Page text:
Non-obese diabetic (NOD) mice exhibit a susceptibility to spontaneous development of autoimmune insulin dependent diabetes mellitus (IDDM). The NOD strain and related strains were developed at Shionogi Research Laboratories in Aburahi, Japan by Makino and colleagues and first reported in 1980. The group developed the NOD strain by selecting cataract-prone strains. The strain was then established by inbreeding.
Diabetes develops in NOD mice as a result of insulitis, a leukocytic infiltrate of the pancreatic islets. Onset of diabetes is associated with a moderate glycosuria and a non-fasting hyperglycaemia. It is recommended to monitor for development of glycosuria from 10 weeks of age; this can be carried out using urine glucose dipsticks. The incidence of spontaneous diabetes in the NOD mouse is 60-80% in females and 20-30% in males. Onset of diabetes also varies between males and females: commonly, onset is delayed in males by several weeks.
The susceptibility to IDDM is polygenic and environment exerts a strong effect on gene penetrances. Environment including housing conditions, health status, and diet all affect development of diabetes in the mice. For instance, NOD mice maintained in different laboratories can have different levels of incidence. Interestingly, the incidence of disease is much higher if the mice are maintained in a relatively germ-free environment.
NOD mice are also susceptible to developing other autoimmune syndromes, including autoimmunine sialitis, autoimmune thyroiditis, autoimmune peripheral polyneuropathy, a systemic lupus erythematosus-like disease that develops if mice are exposed to killed mycobacterium, and prostatitis.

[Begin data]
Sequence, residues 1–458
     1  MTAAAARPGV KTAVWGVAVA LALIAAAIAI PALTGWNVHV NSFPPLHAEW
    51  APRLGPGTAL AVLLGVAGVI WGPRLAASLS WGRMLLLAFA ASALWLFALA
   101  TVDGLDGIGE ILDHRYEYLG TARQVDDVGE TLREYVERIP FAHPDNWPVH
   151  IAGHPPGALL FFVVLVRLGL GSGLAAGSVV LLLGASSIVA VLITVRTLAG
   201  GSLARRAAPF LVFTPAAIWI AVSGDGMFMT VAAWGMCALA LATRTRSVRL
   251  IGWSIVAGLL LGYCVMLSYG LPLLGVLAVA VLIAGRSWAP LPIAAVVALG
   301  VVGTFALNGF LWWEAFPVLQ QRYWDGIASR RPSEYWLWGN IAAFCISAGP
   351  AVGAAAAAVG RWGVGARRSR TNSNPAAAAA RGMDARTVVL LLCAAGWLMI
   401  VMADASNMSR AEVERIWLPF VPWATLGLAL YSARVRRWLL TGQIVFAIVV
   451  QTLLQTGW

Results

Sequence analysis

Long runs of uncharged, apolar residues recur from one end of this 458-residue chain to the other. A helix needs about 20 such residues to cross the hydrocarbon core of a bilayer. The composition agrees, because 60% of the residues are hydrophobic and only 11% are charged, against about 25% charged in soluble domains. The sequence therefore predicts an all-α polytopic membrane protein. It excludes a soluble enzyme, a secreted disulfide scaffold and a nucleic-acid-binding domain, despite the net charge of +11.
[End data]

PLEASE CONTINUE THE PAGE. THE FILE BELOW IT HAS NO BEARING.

Identifying IDDM susceptibility loci
Genetic Loci associated with susceptibility to IDDM have been identified in the NOD mouse strain through the development of congenic mouse strains, which have identified several insulin dependent diabetes (Idd) loci.
NOD mice have polymorphisms in the Idd3 locus which are linked to IL-2 production. IL-2 promotes either immunity or tolerance in a concentration dependent fashion by acting on T helper cells, CTL and NK cells. Low amounts of IL-2 may be needed to promote survival of Treg in mice. Loss of IL-2 can thereby contribute to the development of autoimmunity in NOD mice.
NOD mice have a mutation in exon 2 of the CTLA-4 gene, which causes it to be spliced incorrectly. CTLA-4 plays a major role in suppressing the T-cell immune response. Without the proper functioning of CTLA-4 T-cells attack the insulin producing cells. This results in Type 1 Diabetes.
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